8: remember love

Sometimes it is so difficult to act out of love instead of frustration. It’s easy to see how he shouldn’t do something but it is harder to think about the more important lessons hidden in what I need to be teaching him.

It’s not just about him not standing on the coffee table because he could fall or because his feet are dirty.

It’s not just about the here and now.

It’s not only about him learning to obey me.

It’s about his life later.

It benefits him, not just me, when he can obey.

When I am showing him what he can and cannot do, how to treat people, or how to pick up after himself he is learning valuable character traits that will be important to him his entire life.

Sometimes the effort involved in helping him to obey doesn’t feel worth it.

I find myself thinking, “Couldn’t he just play with whatever it is and I’ll just clean it up later? I’m too tired to deal with it right now.”

But that wouldn’t be loving him.

Loving him at that moment looks like stepping in and redirecting.

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It gets easier to enforce the rules when you can see that effort as an extension of your love rather than a hindrance to your own independence.

When I view discipline as love, I am less likely to give up when the results are not as obvious as I’d like or when I feel frustrated with how ineffective my communication feels.

Love has nothing to do with what you are expected to get, only with what you are expected to give . . . Which is everything.
Katherine Hepburn – as quoted by Kristin Armstrong in Mile Markers

We did not choose to be parents based in our desire for awesome obedient kids, we became parents to share a love.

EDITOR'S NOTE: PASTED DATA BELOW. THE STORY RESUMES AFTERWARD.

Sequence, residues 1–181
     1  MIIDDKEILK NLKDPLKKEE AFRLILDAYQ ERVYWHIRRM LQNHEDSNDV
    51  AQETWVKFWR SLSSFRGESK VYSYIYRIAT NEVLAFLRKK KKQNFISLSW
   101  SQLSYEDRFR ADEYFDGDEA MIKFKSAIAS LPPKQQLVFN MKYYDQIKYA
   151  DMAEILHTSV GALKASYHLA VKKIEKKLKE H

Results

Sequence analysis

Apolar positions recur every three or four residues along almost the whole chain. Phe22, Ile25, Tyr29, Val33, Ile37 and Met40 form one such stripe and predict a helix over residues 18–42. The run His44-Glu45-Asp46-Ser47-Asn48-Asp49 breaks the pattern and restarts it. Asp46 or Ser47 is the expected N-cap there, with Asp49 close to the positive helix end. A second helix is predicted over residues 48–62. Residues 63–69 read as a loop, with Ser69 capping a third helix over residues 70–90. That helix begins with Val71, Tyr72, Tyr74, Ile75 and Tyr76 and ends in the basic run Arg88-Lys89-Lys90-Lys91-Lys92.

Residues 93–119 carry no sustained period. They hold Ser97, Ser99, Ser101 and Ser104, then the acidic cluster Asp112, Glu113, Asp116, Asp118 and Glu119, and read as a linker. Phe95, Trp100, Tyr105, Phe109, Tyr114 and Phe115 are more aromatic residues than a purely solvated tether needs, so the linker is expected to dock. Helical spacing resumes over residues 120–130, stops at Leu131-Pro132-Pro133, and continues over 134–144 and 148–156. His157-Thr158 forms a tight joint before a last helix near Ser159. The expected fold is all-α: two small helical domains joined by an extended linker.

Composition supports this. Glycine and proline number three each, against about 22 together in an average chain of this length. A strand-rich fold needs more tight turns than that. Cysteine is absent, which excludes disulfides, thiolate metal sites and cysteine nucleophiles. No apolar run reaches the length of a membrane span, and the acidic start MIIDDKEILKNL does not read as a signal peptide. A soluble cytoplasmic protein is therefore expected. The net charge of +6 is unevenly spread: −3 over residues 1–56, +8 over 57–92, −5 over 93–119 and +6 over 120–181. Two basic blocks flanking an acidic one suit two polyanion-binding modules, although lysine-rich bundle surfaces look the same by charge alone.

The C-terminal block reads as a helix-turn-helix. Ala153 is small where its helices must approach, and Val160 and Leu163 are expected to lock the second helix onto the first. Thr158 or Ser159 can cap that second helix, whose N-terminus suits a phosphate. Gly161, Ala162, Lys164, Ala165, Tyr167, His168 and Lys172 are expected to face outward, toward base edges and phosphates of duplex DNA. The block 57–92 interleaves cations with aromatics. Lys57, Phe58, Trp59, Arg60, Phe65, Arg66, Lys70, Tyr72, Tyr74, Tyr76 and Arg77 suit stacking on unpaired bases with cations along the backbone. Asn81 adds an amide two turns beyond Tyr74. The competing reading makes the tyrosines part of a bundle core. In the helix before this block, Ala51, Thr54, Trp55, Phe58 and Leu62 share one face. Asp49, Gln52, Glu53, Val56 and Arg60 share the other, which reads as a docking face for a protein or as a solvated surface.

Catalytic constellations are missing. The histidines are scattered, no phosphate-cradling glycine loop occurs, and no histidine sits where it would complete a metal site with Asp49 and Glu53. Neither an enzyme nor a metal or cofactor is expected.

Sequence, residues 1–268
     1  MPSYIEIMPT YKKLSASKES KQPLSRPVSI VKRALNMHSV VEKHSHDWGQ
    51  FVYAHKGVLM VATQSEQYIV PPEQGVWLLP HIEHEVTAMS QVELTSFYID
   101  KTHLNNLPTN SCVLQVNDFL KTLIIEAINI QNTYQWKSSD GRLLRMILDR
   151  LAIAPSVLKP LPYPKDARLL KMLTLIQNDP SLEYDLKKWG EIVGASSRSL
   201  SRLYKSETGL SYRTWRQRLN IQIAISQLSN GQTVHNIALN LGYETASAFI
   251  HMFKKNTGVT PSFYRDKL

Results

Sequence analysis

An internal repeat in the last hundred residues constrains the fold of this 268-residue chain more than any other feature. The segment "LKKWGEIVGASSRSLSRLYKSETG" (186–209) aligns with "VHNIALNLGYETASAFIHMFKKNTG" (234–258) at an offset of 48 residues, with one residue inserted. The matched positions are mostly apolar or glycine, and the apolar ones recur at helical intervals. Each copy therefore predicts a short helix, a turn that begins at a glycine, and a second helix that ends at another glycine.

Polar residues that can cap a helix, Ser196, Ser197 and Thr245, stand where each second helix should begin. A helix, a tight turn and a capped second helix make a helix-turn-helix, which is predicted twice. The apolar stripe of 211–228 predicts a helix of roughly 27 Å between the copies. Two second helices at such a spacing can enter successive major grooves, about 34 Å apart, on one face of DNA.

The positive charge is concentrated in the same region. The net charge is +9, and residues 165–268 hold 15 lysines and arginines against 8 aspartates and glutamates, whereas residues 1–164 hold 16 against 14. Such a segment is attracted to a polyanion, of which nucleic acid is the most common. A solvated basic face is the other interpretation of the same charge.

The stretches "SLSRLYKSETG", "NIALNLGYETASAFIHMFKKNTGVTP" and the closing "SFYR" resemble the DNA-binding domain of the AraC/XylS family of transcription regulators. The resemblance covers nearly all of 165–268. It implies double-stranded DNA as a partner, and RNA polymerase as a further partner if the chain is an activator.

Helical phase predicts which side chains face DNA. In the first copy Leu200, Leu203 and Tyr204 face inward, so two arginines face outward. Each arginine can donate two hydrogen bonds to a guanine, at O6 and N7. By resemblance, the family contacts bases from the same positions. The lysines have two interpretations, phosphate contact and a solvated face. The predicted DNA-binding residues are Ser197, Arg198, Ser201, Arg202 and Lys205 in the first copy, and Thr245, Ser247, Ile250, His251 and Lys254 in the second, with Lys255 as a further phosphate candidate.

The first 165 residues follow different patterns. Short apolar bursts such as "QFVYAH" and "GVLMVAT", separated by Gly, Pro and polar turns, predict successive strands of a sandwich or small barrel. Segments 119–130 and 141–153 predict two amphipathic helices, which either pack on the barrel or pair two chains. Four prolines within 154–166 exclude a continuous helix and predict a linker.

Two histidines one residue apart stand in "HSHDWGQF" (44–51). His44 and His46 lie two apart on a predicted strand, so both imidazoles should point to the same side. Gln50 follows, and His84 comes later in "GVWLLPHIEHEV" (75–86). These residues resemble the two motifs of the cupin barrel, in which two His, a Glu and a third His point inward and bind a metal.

And love takes everything.

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P.S. I loved my sister Amanda’s day 5!!
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How do you choose to do the loving thing instead of the easy thing?

How do you deal with it when the loving thing causes more conflict?

6 thoughts on “8: remember love

  1. How do you choose to do the loving thing instead of the easy thing? I totally did this last night! My girls were both being onery about getting their homework done and the easy thing would have been to just let it slide, let them do it another night. Instead I choose to sit down with each of them, seperately, and help them with it. Engaging them to get them to learn this stuff. It might be tough, but it is so worth it.

    How do you deal with it when the loving thing causes more conflict? Pray through it. I can’t say for sure, because it’s a work in progress, but I think you have to tap into that endless supply of love and patience that he has for us.

    Like

  2. Wow, I deal with this so much. By the end of the day it’s so hard to take the time to teach. Sometimes I do let things slide because I’m so tired. I like the idea of training my children as an extension of my love. I need to tape that to my forehead!

    Like

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